International Licensing Expo at the Mandalay Bay Convention Center
Characters, logos and images of all kinds had license to roam the halls of the Mandalay Bay Convention Center from June 2-4. For the first time, the International Licensing Expo convened in Las Vegas (instead of New York City). The international part of the title was correct, with representatives from Spain, Korea, Australia/New Zealand, Japan, Taiwan, Canada, and Great Britain in attendance.
This kind of licensing is not about driving cars or teaching. Brand licensing is big business ($191 billion worth), and has to do with the buying and selling of recognizable images and iconic personages for product promotion. Selling the likeness of Elvis, Marilyn or Bruce Lee means paying for the privilege. And you have to ask nicely.
All manner of trademark and copyright laws apply here, and many of the booths had General Counsel on hand to quickly handle inquiries. Brand licensing is the process of creating and managing contracts between the owner of a brand and a company or individual who wants to use the brand in association with a product, for an agreed period of time, within an agreed territory. If you think you can get away without having legal representation, be prepared for a rude, name-brand awakening.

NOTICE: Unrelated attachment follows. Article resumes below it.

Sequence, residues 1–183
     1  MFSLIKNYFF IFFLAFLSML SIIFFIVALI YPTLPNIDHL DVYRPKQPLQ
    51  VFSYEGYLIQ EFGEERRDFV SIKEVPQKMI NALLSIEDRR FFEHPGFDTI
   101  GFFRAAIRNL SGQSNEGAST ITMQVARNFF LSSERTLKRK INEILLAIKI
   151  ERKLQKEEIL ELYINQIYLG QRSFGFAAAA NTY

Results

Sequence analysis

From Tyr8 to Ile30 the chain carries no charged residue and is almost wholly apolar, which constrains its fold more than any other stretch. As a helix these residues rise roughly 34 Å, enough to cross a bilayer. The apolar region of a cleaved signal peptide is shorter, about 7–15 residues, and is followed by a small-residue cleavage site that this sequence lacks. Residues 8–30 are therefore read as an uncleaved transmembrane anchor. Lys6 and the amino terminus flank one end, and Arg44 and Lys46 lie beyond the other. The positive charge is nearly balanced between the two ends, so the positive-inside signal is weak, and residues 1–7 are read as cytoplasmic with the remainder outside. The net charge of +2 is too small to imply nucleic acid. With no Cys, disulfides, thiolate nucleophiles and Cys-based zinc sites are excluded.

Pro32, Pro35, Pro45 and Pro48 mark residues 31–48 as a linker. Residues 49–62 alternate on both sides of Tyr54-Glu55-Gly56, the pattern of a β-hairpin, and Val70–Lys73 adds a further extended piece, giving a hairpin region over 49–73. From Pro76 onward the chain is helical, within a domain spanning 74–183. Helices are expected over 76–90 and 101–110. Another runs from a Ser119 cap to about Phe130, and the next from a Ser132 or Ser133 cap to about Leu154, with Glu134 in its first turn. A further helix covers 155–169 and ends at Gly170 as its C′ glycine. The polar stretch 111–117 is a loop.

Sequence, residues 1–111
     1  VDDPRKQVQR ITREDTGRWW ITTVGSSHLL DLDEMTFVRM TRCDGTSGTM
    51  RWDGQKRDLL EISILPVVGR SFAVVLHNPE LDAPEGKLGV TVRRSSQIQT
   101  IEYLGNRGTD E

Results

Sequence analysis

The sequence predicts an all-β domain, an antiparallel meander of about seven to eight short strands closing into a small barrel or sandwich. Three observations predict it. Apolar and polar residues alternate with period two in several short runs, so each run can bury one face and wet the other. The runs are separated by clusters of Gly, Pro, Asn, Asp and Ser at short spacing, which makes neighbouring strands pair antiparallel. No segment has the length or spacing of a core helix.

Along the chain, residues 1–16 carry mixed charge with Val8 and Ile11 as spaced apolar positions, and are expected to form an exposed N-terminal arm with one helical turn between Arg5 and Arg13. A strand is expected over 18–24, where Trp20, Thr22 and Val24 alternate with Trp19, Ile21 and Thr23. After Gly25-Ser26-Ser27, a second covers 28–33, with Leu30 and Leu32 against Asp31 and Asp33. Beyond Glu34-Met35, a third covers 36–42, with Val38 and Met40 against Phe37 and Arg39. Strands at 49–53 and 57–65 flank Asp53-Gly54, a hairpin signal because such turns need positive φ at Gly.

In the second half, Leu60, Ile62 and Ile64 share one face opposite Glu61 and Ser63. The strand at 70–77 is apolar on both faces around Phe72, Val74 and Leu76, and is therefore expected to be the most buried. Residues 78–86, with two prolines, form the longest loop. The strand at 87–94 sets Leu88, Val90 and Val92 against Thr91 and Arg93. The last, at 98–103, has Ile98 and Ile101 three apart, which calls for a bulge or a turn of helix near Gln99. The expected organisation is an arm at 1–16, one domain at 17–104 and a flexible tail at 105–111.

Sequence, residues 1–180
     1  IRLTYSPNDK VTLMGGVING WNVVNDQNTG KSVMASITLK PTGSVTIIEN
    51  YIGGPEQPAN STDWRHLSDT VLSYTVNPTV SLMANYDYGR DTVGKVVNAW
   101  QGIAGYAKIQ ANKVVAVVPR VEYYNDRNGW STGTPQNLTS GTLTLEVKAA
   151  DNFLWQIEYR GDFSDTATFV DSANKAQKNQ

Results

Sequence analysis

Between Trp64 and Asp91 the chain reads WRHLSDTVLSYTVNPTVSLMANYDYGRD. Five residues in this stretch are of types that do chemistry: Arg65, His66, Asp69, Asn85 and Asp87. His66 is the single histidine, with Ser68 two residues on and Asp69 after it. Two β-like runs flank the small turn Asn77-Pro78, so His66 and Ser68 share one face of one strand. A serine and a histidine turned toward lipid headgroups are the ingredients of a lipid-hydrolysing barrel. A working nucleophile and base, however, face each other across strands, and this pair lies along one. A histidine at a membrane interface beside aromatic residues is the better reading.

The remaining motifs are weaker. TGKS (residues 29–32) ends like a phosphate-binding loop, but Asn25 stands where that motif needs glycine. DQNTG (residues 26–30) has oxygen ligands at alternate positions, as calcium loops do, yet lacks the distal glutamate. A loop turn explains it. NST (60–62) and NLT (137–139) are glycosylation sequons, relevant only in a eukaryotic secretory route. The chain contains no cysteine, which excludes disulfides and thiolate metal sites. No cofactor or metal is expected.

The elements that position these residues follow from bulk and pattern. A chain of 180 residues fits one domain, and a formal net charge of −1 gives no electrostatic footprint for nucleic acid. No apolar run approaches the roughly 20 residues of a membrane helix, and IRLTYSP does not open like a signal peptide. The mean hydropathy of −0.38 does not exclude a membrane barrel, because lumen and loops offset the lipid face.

But enough of the business side. The truth is, for your humble correspondent, the Licensing Expo was simply fashion, novelty and toy-filled fun. Where else could a stroll around the immense exhibit space yield encounters with the likes of Speed Racer, Felix the Cat, The Energizer Bunny, a ten-foot Transformer, Mr. Bean and life-size Star Wars: The Clone Wars figures, lightsabers drawn and ready for battle?
Mr. Bean and the Energizer Bunny celebrated 20 years of lucrative licensing, while the Rubik’s Cube turned 30. Both Bean and Bunny could be persuaded into long bouts of mugging for the camera. The Cube was elusive, rarely showing the same side to anyone who approached it.
Fashion shows were logo-filled, with apparel broadcasting everything from The Beatles to Sonic the Hedgehog. Tweety Bird, Marvel Comics Superheroes and Dr. Suess characters beamed their countenances from the torsos of living billboards. Barbie, The Simpsons, The Sex Pistols and Andy Warhol belong to the same club: licensed images adorning products with owner permission, like a fashion lease.
Ed Hardy by Christian Audigier T-shirts, hats and jackets occupied one very chic, ebony-colored booth that was perused by none other than CatWoman Julie Newmar from the Batman TV series. Other celebrity sightings included Tony Curtis, who celebrated his 84th birthday at the Expo, complete with a cake cutting and book signing; and Wilmer Valderrama, the voice of Disney’s hit show, Handy Manny.
Film and television studios figured prominently into the Licensing Expo: Warner Brothers, 20th Century Fox, Disney, The Cartoon Network, MGM, CBS, Universal, Fremantle Media, King Features, and Nickelodeon were among the media titans displaying copyrights and trademarks for sale (well, rent, really).
Not to be outdone, toy manufacturers covered large areas of the immense space with their own familiar products. Hasbro featured its Popular Transformers and G.I. Joe, Mattel, Inc., its ubiquitous but ever-evolving Barbie. Lego offered a tiny snap-together special edition Darth Vader, and the education-based Scholastic was generous with DVD's featuring Clifford the Big Red Dog's top 15 Manners Songs.